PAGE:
If you’re reading this article, chances are you’re a dog lover.
And as a dog lover, owning your own dog grooming business may sound like the perfect job for you.
Washing and brushing amazing dogs all day? Sign me up!
However, it’s not all fun, games and dog hair.
Part 1: What It Takes to Start a Dog Grooming Business
To be a dog groomer, you’ve got to make some big decisions — and we don’t just mean the size of the dogs.
With the help of Kathy and Melissa Salzberg’s How to Start a Home Based Pet Grooming Business, let’s take a look at what you’ll need to do.
It’s easy to get carried away when you have an idea you love. You might be envisioning yourself happily scrubbing down an amiable Golden Retriever while you hum a merry tune — and to be fair, that could happen.
Not often, though.
You’ll be dealing with a variety of dog breeds and individual dog personalities. Some dogs love bath time and will be that “dream dog.” Other dogs will fight you, bite you and struggle the entire time.
As a dog groomer, you have to be prepared to handle all breeds and all personalities. Meet with prospective “clients” before taking on a job if possible to gauge personality. Try to think ahead and foresee any issues that could come up. Remember, as the groomer you’re liable if something goes wrong.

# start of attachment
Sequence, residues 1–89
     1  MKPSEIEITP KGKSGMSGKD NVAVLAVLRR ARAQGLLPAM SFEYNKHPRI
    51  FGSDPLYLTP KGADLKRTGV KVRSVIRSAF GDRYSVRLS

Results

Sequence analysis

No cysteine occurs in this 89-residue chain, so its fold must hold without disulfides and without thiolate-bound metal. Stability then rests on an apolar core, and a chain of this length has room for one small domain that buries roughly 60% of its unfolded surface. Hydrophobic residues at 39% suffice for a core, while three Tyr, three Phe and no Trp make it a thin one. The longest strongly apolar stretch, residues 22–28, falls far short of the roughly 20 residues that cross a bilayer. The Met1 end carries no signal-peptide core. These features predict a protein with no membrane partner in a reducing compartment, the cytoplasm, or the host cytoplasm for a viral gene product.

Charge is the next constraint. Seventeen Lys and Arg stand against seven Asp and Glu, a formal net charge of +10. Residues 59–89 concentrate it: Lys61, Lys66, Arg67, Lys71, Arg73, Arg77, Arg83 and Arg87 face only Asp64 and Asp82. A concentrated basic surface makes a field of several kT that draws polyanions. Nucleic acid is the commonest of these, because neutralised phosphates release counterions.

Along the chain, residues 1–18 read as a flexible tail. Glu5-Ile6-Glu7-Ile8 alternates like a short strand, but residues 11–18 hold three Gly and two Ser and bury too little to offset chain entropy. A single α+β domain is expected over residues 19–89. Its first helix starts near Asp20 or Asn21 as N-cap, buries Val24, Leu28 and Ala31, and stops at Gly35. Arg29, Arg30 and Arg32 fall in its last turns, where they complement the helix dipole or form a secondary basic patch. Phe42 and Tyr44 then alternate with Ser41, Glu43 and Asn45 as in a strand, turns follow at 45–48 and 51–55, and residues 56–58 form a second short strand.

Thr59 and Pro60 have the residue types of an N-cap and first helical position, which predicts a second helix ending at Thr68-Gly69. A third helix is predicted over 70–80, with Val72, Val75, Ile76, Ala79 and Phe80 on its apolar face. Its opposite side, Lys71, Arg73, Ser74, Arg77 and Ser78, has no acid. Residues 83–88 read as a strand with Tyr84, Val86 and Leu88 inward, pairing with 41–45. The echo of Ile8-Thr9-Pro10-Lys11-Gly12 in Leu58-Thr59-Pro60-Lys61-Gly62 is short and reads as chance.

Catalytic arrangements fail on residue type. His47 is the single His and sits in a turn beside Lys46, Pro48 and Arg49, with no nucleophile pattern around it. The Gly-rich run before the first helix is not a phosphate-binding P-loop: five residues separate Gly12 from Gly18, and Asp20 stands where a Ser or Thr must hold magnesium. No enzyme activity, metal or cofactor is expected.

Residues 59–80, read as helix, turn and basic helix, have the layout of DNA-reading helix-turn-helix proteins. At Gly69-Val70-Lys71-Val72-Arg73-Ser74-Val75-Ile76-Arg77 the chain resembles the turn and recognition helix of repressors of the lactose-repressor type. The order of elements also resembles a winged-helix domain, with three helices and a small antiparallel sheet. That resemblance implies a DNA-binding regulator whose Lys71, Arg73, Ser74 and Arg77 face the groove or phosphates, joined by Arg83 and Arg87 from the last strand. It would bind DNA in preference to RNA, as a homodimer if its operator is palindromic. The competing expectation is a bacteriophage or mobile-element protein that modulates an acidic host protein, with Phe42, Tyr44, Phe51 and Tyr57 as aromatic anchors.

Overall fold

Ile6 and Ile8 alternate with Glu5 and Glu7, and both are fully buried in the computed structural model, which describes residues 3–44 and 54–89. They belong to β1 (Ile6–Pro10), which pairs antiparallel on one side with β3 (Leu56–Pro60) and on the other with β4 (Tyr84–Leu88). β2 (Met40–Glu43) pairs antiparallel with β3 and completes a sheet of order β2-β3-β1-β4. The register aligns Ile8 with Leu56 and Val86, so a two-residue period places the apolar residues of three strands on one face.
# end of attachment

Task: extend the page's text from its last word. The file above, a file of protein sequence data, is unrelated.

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Even if you operate out of your home, you still have some major financial considerations. For example: Do you have a safe and secure place in your home to groom dogs, or will you need to add on a room?
Here are some other things to consider when making your budget:
- Equipment: tubs, showers, brushing tools, combing tools, shampoos and conditioners, extra collars and leashes
- Licensing: In order to run any business, you need to have a basic business license. You may also need to have other licensing in place to be a dog groomer. Check with your local town or municipality to find out exactly what you need ahead of time and how much it costs.
- Utilities: You know you’re going to use a lot more water — and likely more electricity and/or gas as well. Be prepared for the hike in your bill.
- Insurance: Always a must to protect yourself and your clients.
Unfortunately, there’s a lot more to it than just getting a couple of brushes.
It may sound strange, but as a dog groomer you want to be physically fit. You’ll spend a lot of time on your feet and carrying dogs. The fitter you are, the easier this will be.
The Salzbergs explain: “Groomers are prone to back problems from lifting heavy dogs and carpal tunnel syndrome from the repetitive motion of scissoring, brushing and hand stripping…. A groomer’s legs can suffer from standing all day over a long period of time. Circulation problems, varicose veins, overstressed tendons and ligaments — these are common ailments in this profession.”
Don’t be caught off guard by all those aches and pains. Plan ahead for them. Train yourself to groom when sitting on a stool, for example, to help with leg problems. Wear a brace on your wrist if you need to, and plan to get plenty of exercise.
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People Skills a Necessity